Think you stuffed your face on Thanksgiving? That's nothing compared to what a Burmese python can eat. The snakes, which can grow up to 20 feet, devour animals as large as deer and alligators, thanks to a number of adaptations that let them consume enormous quantities of food.
Biologists at the University of Alabama took X-ray images of a Burmese python after it swallowed an alligator to observe the digestion process. Pythons are able to swallow their meals whole by dislocating their jaw.
"When it does eventually capture a prey and feed, the python's previously dormant gut rapidly resumes function to tackle the difficult task of digesting a prey that may exceed half of the python's own body mass," biologist Stephen Secor writes in the Journal of Experimental Biology.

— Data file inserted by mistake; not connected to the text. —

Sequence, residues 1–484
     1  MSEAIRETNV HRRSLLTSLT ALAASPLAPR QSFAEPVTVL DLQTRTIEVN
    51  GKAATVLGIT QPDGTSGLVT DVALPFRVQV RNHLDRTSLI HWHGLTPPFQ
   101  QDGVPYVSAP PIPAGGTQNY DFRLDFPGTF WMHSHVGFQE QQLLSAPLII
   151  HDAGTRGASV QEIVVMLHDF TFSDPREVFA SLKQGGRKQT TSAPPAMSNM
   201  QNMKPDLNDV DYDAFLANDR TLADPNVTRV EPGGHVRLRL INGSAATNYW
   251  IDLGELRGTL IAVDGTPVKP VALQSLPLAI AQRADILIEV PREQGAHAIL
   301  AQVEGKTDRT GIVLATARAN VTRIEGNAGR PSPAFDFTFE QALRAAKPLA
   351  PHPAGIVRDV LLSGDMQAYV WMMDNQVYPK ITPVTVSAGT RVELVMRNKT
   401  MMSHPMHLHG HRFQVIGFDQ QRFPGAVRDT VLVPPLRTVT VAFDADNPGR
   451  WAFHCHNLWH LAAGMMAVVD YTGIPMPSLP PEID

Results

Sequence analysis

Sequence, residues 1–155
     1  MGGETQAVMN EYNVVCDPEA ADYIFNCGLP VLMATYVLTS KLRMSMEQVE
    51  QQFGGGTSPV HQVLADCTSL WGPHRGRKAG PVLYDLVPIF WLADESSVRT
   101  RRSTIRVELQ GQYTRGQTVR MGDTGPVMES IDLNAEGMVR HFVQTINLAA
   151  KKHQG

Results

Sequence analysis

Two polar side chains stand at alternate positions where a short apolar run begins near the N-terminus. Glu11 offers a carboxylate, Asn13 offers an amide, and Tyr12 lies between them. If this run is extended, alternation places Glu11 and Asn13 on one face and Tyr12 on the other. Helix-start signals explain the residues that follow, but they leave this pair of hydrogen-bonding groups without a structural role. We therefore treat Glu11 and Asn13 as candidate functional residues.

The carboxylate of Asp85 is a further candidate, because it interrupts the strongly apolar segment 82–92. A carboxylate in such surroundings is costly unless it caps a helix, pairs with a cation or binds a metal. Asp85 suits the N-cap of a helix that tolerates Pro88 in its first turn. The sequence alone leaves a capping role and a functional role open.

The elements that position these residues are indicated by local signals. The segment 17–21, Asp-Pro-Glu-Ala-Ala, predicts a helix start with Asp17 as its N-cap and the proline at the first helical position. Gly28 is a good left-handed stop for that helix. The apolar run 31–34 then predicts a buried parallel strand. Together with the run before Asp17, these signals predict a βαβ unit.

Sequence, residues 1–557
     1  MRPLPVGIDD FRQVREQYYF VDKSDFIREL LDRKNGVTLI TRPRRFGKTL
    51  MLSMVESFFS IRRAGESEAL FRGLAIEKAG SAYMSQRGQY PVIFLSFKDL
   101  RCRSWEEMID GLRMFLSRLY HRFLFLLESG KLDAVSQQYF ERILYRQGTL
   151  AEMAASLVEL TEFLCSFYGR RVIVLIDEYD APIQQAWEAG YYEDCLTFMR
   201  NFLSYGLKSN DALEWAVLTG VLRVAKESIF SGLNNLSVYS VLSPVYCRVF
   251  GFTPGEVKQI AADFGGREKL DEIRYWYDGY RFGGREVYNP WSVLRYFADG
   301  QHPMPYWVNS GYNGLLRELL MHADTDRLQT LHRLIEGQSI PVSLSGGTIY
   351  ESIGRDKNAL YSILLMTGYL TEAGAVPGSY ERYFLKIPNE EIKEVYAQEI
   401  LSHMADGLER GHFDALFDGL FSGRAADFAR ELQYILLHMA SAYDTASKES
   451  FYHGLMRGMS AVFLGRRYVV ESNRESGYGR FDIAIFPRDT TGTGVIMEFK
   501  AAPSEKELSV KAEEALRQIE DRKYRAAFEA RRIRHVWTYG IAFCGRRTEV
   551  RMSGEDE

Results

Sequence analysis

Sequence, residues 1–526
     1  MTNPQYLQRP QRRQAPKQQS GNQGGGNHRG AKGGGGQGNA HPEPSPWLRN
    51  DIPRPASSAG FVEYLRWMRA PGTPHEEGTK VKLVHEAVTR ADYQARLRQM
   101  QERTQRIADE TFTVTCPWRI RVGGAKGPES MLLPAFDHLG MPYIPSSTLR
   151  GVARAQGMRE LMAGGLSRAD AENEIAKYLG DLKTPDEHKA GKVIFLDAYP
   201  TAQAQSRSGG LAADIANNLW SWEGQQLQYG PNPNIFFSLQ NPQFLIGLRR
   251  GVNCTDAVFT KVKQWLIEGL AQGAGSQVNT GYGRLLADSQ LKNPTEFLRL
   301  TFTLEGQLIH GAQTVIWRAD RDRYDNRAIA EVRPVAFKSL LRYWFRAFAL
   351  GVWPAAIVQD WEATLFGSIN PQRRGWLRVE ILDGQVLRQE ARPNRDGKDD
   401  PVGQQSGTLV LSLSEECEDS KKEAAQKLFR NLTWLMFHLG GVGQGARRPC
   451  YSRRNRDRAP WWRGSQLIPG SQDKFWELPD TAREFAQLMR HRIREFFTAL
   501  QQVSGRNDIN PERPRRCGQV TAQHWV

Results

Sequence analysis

Once prey is ingested, the reptile's gut tissue begins secreting digestive acids and enzymes to digest the alligator's soft tissue. Hydrochloric acid production in the gut increased and the gut pH drops from 7.5 to an acidic 2.
The snake's metabolic rate increases by up to 40 times until digestion is complete. A number of the reptile's organs -- heart, liver, pancreas, kidneys -- also nearly double in size.
By day four of digestion, bone and skin--the only remaining parts of the alligator -- move into the large intestine. The remaining parts of the alligator get digested on days five and six. At the end of the week, the alligator is completely digested and the python's gut returns to normal.
Pythons won't need another meal for several weeks or months. Humans however, will be eating leftovers for days.